It’s been said that you will become the composite of the books you read and the five people with whom you spend the most time. If you study the concept of memetics, the way ideas spread from person to person, you’ll find evidence to support this assertion. Even without any validation, anyone who has a mastermind group will tell you how important it has been to their growth, their development, and their success.A good mastermind group will help you see how much potential you have, allow you to share best practices and strategies, provide a sense of camaraderie, and create a sense of personal accountability. I don’t want to extol the virtues here, but rather share with you how you start one.The WhoIt’s essential that you find people who are growth-oriented for a mastermind. The people in your mastermind must be driven to be more, do more, have more, and contribute more (my shorthand for striving to reach your full potential). It isn’t enough that they want the camaraderie alone. They need to bring something to the table. You can’t build an effective mastermind with people who aren’t striving, or who are merely drifting.You also want to find people who have a powerful locus of control, people who believe that they are acting on the world, not allowing the world to work on them. You will be able to identify these people by the fact that they always have projects followed by more projects. A mastermind is a collection of people who are empowered, intrinsically motivated and driven.The people you invite into a mastermind must also be willing to share and teach. There are some people possessed by a scarcity mindset. They are not willing to share because your success might diminish their success. You need people who are confident that sharing with you will help you improve, and your sharing with them will benefit them.I have described myself as a scientist. I try things to see if I can make them work. It’s good to have people who try things and measure the results in your mastermind. The more experiments your mastermind members are running, the more insights you can share.An excellent and effective mastermind requires the trust that you can share your successes and your failures, both of which provide lessons and feedback. You can’t share things like your financial results if you don’t trust the people in your mastermind group. You can’t share your strategies and tactics with people who won’t respect what you have shared in confidence. You have to be able to share and to be transparent, especially around your challenges.The WhatA good mastermind has frequent, but not too-frequent, meetings, always with an agenda. Like any useful meeting, you need to prepare your thoughts, ideas, challenges, opportunities, and questions. Starting the session with a primary question to answer is one way to get the most out of each meeting. You are going to leave with takeaways, and you’ll need time to gather feedback before the next meeting.Your mastermind will invariably share strategies with which you are unfamiliar but equally important will be their network. They will know people who can help you, providing you with referrals for service providers you might need, or referrals and introductions to people who need your services. You will know people and have relationships that will benefit them as well.What might be the most useful outcome of belonging to a mastermind group is being challenged by your peers. Your mastermind members will have different ideas and different opinions, all shaped by their different experiences, biases, and preferences. You will find the most value in being challenged to look at what you’re doing through a different lens.Interview Potential MembersYou are going to want to interview potential members for fit. You have to want to spend time with the members of your group. The more you like and respect the members of your mastermind group, the higher the odds of you helping everyone in the group to grow towards their full potential. Spend time together, and see if there is chemistry.Explore what they are reading, as non-readers don’t often make the best members. Ask questions about the new things they are trying in their life and in their business to test for their desire to improve and determine their motivation. You also want people who spend time thinking. People who write—even if they write for themselves—often make good mastermind group members.You don’t want more than six people in your group unless you are part of a moderated mastermind group. You need time to share, and larger groups tend to be more unwieldy.“But wait,” you say. “I am a salesperson or sales manager, not an entrepreneur. Can I start a mastermind of salespeople or sales managers?” Not only is it true that you can start a mastermind, but you should also do so with great haste.If you want to improve your performance, a group of people dedicated to doing so and sharing their experience will accelerate your growth. Start a mastermind.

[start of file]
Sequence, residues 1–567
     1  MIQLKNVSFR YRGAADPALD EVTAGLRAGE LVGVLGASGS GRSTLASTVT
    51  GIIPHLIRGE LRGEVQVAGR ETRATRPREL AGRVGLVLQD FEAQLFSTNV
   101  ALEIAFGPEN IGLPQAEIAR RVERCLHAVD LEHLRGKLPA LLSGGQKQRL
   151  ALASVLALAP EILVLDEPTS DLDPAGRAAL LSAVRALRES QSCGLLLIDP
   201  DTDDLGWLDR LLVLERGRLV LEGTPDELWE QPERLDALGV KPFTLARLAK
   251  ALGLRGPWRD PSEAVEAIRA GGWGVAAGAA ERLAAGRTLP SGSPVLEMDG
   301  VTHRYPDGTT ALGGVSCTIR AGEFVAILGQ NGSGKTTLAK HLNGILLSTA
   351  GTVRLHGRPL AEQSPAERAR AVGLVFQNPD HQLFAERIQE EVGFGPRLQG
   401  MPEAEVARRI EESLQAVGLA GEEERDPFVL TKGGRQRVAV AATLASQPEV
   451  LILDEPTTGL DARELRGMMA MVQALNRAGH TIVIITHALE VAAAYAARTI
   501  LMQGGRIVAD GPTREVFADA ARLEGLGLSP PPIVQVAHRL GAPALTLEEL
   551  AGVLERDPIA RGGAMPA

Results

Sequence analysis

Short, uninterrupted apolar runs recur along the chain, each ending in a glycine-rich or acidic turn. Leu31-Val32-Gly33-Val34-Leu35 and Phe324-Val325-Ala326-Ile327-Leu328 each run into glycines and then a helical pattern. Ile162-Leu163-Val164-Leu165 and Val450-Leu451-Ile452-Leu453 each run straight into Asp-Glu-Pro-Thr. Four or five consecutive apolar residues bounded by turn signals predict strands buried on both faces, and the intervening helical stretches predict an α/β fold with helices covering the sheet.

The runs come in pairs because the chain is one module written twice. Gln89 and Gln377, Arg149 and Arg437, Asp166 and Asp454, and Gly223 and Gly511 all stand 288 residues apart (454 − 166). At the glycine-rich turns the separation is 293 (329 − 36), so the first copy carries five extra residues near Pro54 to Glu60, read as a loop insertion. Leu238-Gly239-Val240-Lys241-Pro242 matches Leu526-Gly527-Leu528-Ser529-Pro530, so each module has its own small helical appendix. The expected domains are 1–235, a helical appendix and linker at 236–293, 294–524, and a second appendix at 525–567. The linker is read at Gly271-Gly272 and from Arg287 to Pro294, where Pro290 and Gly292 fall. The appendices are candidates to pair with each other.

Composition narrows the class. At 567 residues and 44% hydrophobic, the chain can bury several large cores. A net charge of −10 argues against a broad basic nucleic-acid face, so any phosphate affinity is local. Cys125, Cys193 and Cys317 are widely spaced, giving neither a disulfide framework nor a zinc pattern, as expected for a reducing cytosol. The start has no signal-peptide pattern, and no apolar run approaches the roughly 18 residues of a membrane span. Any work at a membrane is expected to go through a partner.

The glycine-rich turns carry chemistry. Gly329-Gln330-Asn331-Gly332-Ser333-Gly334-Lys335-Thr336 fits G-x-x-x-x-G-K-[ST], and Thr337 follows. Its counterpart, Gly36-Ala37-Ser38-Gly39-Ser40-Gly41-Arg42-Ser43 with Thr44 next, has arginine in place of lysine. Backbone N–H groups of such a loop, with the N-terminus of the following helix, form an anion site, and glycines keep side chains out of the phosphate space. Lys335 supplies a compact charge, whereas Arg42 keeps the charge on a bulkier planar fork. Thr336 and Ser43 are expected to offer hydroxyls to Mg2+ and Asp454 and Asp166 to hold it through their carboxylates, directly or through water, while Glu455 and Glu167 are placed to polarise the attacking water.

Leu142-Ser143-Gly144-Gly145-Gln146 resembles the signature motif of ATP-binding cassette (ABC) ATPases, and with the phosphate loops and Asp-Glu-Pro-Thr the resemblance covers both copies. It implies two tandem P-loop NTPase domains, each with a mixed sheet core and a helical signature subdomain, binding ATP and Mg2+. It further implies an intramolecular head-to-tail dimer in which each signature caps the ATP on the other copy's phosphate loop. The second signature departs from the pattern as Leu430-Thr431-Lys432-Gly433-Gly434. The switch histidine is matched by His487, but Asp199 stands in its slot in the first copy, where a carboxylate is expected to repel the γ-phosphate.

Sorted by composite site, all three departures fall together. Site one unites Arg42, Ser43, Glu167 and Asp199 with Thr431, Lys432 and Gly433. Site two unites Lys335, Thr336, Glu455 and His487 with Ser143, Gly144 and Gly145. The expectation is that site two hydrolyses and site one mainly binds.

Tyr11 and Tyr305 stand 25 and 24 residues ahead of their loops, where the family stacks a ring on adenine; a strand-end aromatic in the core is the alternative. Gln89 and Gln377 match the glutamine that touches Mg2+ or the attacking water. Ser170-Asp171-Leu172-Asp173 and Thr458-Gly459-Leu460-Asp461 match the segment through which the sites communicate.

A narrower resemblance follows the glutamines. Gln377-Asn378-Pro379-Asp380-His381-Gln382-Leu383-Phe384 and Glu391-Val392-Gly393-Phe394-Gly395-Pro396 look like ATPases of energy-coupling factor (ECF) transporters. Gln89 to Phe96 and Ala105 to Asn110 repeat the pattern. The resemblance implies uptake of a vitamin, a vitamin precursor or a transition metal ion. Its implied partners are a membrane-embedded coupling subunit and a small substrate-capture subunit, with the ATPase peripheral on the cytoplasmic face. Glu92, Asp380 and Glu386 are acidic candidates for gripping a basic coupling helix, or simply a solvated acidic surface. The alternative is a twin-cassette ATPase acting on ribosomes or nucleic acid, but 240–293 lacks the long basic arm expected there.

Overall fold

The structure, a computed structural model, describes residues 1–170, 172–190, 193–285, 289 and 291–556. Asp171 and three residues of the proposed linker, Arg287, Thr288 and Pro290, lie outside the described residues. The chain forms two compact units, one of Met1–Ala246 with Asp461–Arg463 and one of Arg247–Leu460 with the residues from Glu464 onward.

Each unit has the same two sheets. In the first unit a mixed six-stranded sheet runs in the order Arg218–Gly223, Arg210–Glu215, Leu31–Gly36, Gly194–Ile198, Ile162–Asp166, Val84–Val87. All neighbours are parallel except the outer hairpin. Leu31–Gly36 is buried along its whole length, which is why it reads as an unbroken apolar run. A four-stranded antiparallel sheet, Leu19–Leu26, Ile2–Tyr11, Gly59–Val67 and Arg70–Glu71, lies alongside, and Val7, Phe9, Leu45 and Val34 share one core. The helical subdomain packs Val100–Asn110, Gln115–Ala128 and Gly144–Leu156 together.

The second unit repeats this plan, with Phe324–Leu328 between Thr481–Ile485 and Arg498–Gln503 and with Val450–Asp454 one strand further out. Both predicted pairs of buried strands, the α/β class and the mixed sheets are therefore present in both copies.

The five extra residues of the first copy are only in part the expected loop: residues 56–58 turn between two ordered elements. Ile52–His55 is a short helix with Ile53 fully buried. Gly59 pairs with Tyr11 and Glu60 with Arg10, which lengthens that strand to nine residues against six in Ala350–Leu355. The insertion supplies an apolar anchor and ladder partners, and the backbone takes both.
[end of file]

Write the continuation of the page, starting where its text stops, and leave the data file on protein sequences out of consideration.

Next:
Palace: Duterte to hear out security execs on alleged China control of NGCP Holloway stops Aldo in 3rd, wins UFC featherweight belt Lacson: SEA Games fund put in foundation like ‘Napoles case’ Don’t miss out on the latest news and information. Robredo: True leaders perform well despite having ‘uninspiring’ boss PLAY LIST 02:49Robredo: True leaders perform well despite having ‘uninspiring’ boss02:42PH underwater hockey team aims to make waves in SEA Games01:44Philippines marks anniversary of massacre with calls for justice01:19Fire erupts in Barangay Tatalon in Quezon City01:07Trump talks impeachment while meeting NCAA athletes02:49World-class track facilities installed at NCC for SEA Games Japan’s Kei Nishikori breaks his racket in his third round match of the French Open tennis tournament against Korea’s Hyeon Chung at the Roland Garros stadium, in Paris, France. Saturday, June 3, 2017. (AP Photo/Petr David Josek)PARIS — Hyeon Chung fought back from two sets down against Kei Nishikori to keep alive his bid to become the first South Korean to reach the fourth round of the French Open.Nishikori was leading 7-5, 6-4, 6-7 (4), 0-3 when rain stopped play on Saturday. The match will resume Sunday.ADVERTISEMENT LATEST STORIES It is the first time in the Open era two Asian men have met as late as the third round in a Grand Slam tournament.Chung has never beaten a top-10 player in six attempts.FEATURED STORIESSPORTSSEA Games: Biñan football stadium stands out in preparedness, completionSPORTSPrivate companies step in to help SEA Games hostingSPORTSMalditas save PH from shutoutBut he was making the eighth-seeded Nishikori, the first Asian man to contest a Grand Slam final at the 2014 U.S. Open, look ordinary.Nishikori had to save a set point in the first set. In the second, the Japanese star appeared to have problems with the same right wrist he had treatment on in his second-round win over Jeremy Chardy. But he prevailed, and appeared on course for a straight-sets victory in his first meeting with Chung. Cayetano dares Lacson, Drilon to take lie-detector test: Wala akong kinita sa SEA Games Pagasa: Storm intensifies as it nears PAR Every 18 seconds someone is diagnosed with HIV Sports Related Videospowered by AdSparcRead Next MOST READ BREAKING: Cop killed, 11 hurt in Misamis Oriental grenade blast BSP survey: PH banks see bright horizon amid dark global recession clouds BREAKING: Cop killed, 11 hurt in Misamis Oriental grenade blast However, Chung took the third set in a tiebreaker, bringing up set point with a backhand down the line and clinching it when Nishikori hit long.Chung broke twice at the start of the fourth set, prompting Nishikori to hurl his racket to the clay in disgust, and breaking it.Nishikori had treatment on his back, and shortly after the rain started.Chung began playing tennis with his parents at 6, and continued when a doctor recommended that looking at the color green helped his weak eyesight. ATP players voted him the most improved player in 2015.In April, he reached the Barcelona quarterfinals as a qualifier, and in May he made his first ATP semifinals in Munich.ADVERTISEMENT View comments